Anastasia Kapetas published an article last Tuesday for the Australian Strategic Policy Institute, quoting Alicia Wanless from the Partnership for Countering Influence Operations at the Carnegie Endowment for International Peace. That was a lot of words.

[T]here are yawning knowledge gaps on the effects of disinformation countermeasures. For example, said Wanless, there are very few credible studies on the effects of de-platforming disinformation spreaders. Does it help in limiting disinformation? Or do the perpetrators just move underground to more niche platforms, where followers can be further radicalised and exhorted to violence?

It’s at the bizarre stage now where disgraced or discredited people see their standing elevate as a result of being called out. They wear it like a badge of honour to have attracted the critique of doctors or scientists, and their followers are programmed to distrust those voices of authority. It’s almost like a weaponised Streisand Effect, with less duck sauce and more evil.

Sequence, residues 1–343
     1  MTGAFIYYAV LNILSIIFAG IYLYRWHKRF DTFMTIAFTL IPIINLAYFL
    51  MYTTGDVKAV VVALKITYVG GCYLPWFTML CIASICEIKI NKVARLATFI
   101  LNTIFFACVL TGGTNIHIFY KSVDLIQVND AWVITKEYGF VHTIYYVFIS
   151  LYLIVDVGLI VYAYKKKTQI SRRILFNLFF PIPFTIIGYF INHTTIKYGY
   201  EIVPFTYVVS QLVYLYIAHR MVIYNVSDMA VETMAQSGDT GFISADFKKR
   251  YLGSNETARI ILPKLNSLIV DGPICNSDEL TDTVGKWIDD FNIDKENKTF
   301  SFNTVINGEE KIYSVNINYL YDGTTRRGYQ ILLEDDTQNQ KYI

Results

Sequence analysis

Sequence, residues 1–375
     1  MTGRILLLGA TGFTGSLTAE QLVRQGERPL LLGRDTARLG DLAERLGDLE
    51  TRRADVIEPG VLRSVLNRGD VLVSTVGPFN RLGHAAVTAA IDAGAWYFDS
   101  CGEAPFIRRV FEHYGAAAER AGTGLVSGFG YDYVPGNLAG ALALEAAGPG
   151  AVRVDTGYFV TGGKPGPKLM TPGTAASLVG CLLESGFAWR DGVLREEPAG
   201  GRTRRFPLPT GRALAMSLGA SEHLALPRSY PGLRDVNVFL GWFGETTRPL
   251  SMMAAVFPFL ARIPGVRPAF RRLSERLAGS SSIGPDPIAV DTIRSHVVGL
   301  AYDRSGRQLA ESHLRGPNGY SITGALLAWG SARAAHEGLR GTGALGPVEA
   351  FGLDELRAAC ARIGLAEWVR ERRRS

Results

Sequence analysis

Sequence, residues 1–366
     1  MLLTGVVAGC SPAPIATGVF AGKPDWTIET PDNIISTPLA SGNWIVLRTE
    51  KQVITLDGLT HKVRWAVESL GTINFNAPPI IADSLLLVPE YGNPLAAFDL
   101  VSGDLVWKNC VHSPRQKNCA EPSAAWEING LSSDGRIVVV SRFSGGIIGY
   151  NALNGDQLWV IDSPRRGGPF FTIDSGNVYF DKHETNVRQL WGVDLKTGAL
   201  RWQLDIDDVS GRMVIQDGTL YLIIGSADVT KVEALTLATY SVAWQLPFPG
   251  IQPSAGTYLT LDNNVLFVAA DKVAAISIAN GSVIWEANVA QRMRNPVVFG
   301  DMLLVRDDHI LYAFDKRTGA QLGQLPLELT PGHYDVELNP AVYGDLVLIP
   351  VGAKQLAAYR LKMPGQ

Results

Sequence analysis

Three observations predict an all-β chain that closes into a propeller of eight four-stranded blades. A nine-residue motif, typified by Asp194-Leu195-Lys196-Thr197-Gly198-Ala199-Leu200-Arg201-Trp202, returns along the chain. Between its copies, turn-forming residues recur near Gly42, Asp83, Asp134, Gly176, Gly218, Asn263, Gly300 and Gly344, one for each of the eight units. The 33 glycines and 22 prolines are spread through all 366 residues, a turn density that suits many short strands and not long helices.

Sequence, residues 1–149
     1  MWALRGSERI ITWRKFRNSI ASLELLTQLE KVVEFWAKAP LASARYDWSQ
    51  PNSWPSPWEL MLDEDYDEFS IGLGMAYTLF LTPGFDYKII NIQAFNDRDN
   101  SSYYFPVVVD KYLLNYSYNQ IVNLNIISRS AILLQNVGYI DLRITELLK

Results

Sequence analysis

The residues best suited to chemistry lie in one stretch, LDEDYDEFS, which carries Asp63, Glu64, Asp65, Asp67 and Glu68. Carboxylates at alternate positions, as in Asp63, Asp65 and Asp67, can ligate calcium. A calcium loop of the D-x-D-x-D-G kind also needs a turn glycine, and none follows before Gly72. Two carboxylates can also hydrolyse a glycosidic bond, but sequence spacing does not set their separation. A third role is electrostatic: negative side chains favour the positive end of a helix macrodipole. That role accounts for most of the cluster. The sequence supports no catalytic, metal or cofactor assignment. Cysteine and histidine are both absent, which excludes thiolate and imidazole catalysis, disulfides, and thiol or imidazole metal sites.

The very architecture of current social networks also plays right into this:

The other problem for research is that private companies hold most of the relevant data and are unwilling to share it widely. The platforms regard their data as valuable proprietary information and to date have only been willing to share small amounts with handpicked research institutions on particular cases.

I agree with Alicia that social networks themselves must help fund academic research to tackle this problem. As businesses they have a financial incentive to stoke this dissent that is counter to the needs of civil society.